IP Addressing Options

On newer versions of Raspbian, the IP addressing for all network cards is done on the Pi via the program called dhcpcd.  If you just want to set a static IP address, you can edit the /etc/dhcpcd.conf file, but we're going to take a different approach.

This page in the guide will walk you through:

  • Disabling dhcpcd
  • Setting your IP address on usb0 manually
  • Setting up the l0 and wlan0 interfaces to act normally
  • Run your own DHCP server on the usb0 port, so your Pi can provide an address to your Linux or Windows PC or Mac without any additional software on your desktop or laptop.

Disabling dhcpcd

First, let's disable dhcpcd. This is non-destructive, but when we run this command dhcpcd won't be able to assign addresses anymore, so you should be logged in locally for this with a monitor attached. 

sudo systemctl disable dhcpcd

Setting up the interfaces

Now let's setup your interfaces manually since dhcpcd won't be doing it anymore. Go ahead and run:

sudo nano /etc/network/interfaces

In there you will probably see something in the file that says:

source-directory /etc/network/interfaces.d

Go ahead and leave that in. Below it, add all of this text, paying attention to the indents:

auto lo
iface lo inet loopback

auto usb0
allow-hotplug usb0
iface usb0 inet static
address 10.77.77.77
netmask 255.255.255.0

allow-hotplug wlan0
iface wlan0 inet dhcp
wpa-conf /etc/wpa_supplicant/wpa_supplicant.conf

The interfaces we've assigned are l0 (loopback, which is needed, just not in scope of this guide), usb0 (which we assigned a static IP address of 10.77.77.77), and wlan0, which will still connect to WiFi normally. Go ahead and save the file and close the editor.

Next, let’s make sure your phone’s hotspot connection is in /etc/wpa_supplicant/wpa_supplicant.conf.

Run:

sudo nano /etc/wpa_supplicant/wpa_supplicant.conf

In there, each network should be listed like this:

network={
ssid="Your-Home-SSID"
psk="yourpassphrase"
}

Modify it to match your home network's wireless info - if it's already there, you don't need to add it. You can add this section for each wireless network you'll want the Pi to connect to.

Run your own DHCP Server

Next we'll install dnsmasq, which will let us use DHCP to assign IP addresses to PCs or Macs that connect to the USB port on the Pi. Simply run:

sudo apt-get install -y dnsmasq

Configuration is easy - just run:

sudo nano /etc/dnsmasq.conf

Add the following lines at the bottom:

dhcp-range=10.77.77.78,10.77.77.99,12h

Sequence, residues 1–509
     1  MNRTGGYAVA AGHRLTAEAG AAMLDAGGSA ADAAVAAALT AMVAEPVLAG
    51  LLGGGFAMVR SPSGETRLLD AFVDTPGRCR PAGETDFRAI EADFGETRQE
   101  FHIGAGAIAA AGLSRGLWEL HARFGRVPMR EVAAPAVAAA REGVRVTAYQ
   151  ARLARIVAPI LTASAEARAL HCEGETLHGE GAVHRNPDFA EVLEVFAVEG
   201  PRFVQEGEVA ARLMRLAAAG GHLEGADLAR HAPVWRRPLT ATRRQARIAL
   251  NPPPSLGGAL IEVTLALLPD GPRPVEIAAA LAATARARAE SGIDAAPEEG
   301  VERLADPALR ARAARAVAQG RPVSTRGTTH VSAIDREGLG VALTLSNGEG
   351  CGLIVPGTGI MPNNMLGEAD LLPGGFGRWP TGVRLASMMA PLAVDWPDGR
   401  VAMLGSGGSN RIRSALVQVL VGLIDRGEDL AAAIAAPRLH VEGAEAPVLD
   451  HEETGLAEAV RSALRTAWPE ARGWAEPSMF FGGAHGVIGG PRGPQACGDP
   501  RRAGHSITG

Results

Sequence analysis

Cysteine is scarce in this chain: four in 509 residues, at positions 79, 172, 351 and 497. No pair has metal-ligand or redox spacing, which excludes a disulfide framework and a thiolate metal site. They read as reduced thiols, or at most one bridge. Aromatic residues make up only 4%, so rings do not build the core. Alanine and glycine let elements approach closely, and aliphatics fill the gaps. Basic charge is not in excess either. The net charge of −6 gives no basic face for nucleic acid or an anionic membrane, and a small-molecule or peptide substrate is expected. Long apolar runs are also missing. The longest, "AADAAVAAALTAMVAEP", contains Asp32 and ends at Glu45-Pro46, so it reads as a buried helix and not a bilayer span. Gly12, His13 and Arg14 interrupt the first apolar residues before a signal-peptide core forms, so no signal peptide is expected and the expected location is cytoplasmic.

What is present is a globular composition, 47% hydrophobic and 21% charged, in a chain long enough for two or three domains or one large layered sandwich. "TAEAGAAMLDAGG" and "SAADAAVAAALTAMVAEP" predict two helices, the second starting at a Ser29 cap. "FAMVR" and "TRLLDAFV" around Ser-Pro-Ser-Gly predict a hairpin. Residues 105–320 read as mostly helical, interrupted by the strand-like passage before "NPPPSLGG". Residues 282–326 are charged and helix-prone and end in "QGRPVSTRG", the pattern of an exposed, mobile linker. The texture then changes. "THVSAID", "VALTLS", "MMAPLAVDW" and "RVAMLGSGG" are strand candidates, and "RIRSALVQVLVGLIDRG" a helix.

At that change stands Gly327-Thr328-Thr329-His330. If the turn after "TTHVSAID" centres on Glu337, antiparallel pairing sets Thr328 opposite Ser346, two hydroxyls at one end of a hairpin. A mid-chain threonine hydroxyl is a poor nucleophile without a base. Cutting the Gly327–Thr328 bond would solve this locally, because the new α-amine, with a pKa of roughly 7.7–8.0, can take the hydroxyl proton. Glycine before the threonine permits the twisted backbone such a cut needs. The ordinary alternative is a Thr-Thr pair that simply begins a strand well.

dhcp-option=3
dhcp-option=6

The DHCP range will need to match the interface IP address we assign to the usb0 interface, and this option will assign addresses between 10.77.77.78 and .99, with a 12 hour lease. That should be more than enough. If you need to change the IP range for some reason, make sure to match the configuration of usb0 with these items. We also us DHCP options 3 and 6 - they are annotated in the config file, but they prevent dnsmaq from advertising a default route or DNS - we don’t need this Pi to be a DNS server or a router for this tutorial.

Go ahead and save and exit from the file, we won’t start dnsmasq just yet though. When rebooting, please give your Pi time to start all the services, get a WiFi address, and assign one to your PC. The Pi Zero W is a little slower.

Go ahead and safely shut the Pi down with the following command:

sudo halt

Checking it out

Once the Pi is halted, you should be able to see nothing going on with the display and safely unplug it from power. Next you can simply plug a USB data cable (make sure it's not a charging cable) to the micro USB port closest to the center of the Pi, and the other end to your PC. You'll hear a sound and see drivers installing on Windows 10 and newer, and on all systems you'll see a new network card. You should be able to simply connect with:

ssh -l pi 10.77.77.77

From your PC and get the login prompt on the Pi. The Pi will also independently connect to WiFi, which can be handy if you're testing a different wireless network, connecting to a WiFi hotspot, etc.

This guide was first published on Dec 24, 2015. It was last updated on Dec 24, 2015.
This page (IP Addressing Options) was last updated on Aug 10, 2020.